Feedback in the writing conference



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Historically, techniques teachers have used to give feedback to student writers have been inconsistent in application and difficult for students to interpret. Even when teachers provided detailed feedback to students in a writing conference, teachers struggle in making decisions about what features-of the writing to address. Thus, students find teacher feedback confusing, unhelpful, and do not use it to make changes in their writing. Consequently, teacher feedback often does not result in improved writing performance. Given this prevalent problem with writing instruction, in this qualitative study predicated upon a descriptive case study design. I examined the impact of feedback on writing quality when teachers received guidance over effective feedback and selected their responses from four specific levels of feedback (Hattie & Timperley, 2007). I analyzed how two teachers used a feedback model to select, deliver, and evaluate student revisions to four students during writing conferences and the results of this feedback on student writing. Data sources consisted of initial conferences, student revisions, and final conferences. Findings from the study provide insights into effective and ineffective conference design and feedback patterns that lead to revisions that impact the quality of student writing as measured by the Analytic Writing Continuum. New models for planning and conducting feedback conferences are established.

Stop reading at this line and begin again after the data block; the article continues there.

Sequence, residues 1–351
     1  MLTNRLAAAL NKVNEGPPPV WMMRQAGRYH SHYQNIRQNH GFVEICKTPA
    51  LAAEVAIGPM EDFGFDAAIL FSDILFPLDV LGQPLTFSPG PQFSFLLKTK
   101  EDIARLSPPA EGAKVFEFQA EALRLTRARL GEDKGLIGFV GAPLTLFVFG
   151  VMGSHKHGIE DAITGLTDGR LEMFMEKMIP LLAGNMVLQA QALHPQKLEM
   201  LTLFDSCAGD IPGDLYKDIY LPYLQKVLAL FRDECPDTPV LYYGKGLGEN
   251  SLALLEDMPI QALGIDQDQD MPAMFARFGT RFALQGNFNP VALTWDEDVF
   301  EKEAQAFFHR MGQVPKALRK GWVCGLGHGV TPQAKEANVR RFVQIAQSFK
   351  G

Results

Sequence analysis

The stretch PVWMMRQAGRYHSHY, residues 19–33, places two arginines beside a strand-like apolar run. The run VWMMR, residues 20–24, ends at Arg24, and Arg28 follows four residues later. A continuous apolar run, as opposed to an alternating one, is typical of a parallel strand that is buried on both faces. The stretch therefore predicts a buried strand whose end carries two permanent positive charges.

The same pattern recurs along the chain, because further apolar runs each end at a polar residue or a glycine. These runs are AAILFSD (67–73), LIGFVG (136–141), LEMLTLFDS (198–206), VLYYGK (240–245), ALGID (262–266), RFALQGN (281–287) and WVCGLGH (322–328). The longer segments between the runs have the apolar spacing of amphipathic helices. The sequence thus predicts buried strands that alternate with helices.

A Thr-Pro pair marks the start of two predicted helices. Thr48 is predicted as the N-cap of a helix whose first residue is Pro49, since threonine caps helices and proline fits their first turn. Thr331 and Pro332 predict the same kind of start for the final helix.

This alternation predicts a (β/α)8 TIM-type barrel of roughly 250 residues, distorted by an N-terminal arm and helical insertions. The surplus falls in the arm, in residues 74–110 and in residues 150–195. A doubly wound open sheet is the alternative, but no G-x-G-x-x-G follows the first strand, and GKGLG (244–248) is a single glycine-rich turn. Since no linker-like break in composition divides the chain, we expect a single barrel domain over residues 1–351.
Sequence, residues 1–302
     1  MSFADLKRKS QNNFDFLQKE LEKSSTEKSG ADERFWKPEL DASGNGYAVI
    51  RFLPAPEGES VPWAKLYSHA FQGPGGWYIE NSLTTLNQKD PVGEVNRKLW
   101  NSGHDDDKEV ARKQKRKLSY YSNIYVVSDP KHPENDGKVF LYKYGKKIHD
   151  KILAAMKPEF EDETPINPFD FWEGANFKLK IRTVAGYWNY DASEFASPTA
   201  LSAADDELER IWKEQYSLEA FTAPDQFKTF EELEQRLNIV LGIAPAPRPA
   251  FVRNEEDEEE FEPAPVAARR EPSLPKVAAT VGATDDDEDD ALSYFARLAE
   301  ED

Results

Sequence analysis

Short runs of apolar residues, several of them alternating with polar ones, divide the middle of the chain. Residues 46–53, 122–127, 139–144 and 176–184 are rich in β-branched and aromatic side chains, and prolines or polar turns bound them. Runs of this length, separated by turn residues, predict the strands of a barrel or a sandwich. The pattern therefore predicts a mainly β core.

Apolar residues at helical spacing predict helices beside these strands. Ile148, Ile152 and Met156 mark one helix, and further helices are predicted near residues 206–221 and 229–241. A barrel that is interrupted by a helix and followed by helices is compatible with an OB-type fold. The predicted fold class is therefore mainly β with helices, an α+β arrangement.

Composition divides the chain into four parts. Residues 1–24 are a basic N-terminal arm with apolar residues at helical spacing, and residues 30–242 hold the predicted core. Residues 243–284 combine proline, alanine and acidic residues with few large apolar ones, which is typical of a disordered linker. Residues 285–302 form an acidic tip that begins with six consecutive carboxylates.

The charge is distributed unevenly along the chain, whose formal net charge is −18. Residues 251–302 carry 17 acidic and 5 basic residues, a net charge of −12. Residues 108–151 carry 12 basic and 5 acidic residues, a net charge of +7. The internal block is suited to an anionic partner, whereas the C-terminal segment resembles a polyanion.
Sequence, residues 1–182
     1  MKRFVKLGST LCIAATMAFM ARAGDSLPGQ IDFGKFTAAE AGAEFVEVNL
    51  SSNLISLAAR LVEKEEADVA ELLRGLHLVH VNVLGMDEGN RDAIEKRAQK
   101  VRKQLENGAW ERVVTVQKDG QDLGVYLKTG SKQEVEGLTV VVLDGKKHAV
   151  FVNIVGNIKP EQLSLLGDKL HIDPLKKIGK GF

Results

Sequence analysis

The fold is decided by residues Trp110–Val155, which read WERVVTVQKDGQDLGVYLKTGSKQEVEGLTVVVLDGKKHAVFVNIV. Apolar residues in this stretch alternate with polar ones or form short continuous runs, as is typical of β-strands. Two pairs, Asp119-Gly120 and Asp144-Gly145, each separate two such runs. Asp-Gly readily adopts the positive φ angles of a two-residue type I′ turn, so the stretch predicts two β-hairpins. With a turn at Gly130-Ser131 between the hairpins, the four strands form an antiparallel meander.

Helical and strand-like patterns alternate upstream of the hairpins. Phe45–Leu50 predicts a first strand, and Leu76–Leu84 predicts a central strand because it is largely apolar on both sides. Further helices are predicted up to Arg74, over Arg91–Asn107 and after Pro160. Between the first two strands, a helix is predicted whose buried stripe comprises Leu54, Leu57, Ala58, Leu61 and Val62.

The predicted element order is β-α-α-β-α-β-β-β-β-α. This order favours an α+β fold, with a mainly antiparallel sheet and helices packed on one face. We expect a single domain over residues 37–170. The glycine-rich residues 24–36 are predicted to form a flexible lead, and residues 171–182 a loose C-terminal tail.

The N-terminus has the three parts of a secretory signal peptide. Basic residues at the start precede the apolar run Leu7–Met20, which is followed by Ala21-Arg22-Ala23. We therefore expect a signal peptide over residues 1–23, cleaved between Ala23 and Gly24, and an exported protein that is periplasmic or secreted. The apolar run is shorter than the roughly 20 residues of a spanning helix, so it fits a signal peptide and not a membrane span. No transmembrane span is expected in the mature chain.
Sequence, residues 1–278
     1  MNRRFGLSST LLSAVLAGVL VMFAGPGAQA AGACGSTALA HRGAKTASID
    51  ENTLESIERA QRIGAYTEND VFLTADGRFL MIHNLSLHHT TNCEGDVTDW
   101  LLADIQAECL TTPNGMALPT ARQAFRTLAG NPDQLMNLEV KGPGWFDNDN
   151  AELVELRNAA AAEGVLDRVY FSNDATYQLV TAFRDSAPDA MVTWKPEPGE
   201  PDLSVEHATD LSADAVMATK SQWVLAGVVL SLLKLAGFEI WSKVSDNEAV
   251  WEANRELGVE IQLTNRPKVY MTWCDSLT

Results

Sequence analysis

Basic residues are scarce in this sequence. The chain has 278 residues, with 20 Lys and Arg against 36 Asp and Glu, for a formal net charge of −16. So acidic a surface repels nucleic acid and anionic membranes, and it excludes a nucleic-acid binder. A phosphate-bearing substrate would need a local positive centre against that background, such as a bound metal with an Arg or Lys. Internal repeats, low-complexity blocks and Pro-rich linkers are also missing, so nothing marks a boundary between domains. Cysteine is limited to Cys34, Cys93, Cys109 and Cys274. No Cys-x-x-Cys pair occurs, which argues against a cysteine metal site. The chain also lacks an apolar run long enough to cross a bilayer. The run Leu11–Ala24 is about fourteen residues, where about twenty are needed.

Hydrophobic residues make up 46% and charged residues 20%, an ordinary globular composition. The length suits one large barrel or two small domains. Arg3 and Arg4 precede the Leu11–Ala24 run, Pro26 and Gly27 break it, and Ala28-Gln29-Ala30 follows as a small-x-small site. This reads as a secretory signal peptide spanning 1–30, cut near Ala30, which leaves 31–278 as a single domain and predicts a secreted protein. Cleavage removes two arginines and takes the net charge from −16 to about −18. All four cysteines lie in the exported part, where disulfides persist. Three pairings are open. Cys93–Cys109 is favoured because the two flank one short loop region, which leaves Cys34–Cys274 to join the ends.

Adolescent writing, Feedback, Writing conference, Composing processes, Teacher role, Writing instruction